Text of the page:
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How To Set A Stop Loss Based On Price Volatility Part 3 🏳️

Stop Losses - Volatility Based http://www.financial-spread-betting.com/course/stop-order-types.html PLEASE LIKE AND SHARE THIS VIDEO SO WE CAN DO MORE! For this third example of stop losses, we are looking at volatility based stop losses. These are designed to reflect how much the price is moving around, giving it space to move if it is being lively and keeping it contained if it is relatively calm, to minimize any trading losses.

The volatility based stop loss makes a lot of sense if you think of it in those terms. The trick with setting a stop loss level, as we’ve said before, is to make sure it’s tight enough that we don’t lose too much if the trade goes against us, but to make sure it’s wide enough that it doesn’t throw us out of a trade that will turn out to be a winner, if only we had stayed in it.

We have already met one tool which measures volatility, the Average True Range indicator. As a reminder, this takes the maximum absolute amount of the difference in high and low, or the difference between a high or low to the previous close, which is called the true range. These values are averaged, quite commonly for 14 periods though this value can be set, to form the Average True Range or ATR.

To use the ATR to set your stop loss, you need to take a view on how far you want to let the price have freedom to range. Some traders will set their stop loss at 1½ times the ATR away from the entry. Others, particularly short-term traders, may take as much as three times ATR to allow the price more room to move without throwing you out of the trade.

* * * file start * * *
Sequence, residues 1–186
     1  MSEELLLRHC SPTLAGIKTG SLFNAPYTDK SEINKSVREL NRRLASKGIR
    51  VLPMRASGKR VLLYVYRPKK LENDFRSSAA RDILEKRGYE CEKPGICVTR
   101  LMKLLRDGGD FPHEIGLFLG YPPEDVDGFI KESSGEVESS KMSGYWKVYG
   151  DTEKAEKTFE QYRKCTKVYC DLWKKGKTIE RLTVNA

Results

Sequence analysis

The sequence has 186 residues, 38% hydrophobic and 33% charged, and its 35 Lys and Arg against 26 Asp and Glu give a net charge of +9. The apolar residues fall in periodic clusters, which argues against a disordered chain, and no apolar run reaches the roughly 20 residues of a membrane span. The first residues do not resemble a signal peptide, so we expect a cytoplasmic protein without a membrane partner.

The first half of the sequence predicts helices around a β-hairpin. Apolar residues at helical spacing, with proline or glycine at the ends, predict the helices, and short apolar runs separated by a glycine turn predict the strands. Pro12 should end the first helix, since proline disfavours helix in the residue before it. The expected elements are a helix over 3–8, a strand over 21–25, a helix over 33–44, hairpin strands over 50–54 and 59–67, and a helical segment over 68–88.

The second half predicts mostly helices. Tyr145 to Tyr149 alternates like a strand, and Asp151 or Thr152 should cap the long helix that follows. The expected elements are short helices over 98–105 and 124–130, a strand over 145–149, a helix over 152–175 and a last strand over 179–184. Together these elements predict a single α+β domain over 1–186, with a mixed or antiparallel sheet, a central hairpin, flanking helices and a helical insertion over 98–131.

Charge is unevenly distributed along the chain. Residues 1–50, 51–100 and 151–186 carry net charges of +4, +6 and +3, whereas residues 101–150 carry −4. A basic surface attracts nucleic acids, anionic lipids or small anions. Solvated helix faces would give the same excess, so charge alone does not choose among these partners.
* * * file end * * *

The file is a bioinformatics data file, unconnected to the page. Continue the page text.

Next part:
As before, you may choose to simply select the value and watch the chart to see if the price moves against you, so that you can exit at the appropriate time; or if you plan to leave the trade over several days, you may place a stop loss order with your broker.

The ATR is not the only measure of volatility that you can use. You can make it even more simple by checking out the length of the largest candle in the last number of days, and take that fluctuation in price as your baseline when setting your stop loss. Once again, as with the ATR, depending on the type of trading you are doing you can apply a multiplier to that value and then set your stop loss that distance away from your entry.

Using volatility to help you set a stop loss level takes into account the “noise” that you see in every price chart, but it takes it into account by using actual measurements of past movements rather than by guessing how much noise you may see in the future. As always, past performance is no indication of future results, but barring a change in circumstance on the financial security, your expectation is that the price will continue to fluctuate as little or as much as it has in the past, at least for the short time you will be trading it.

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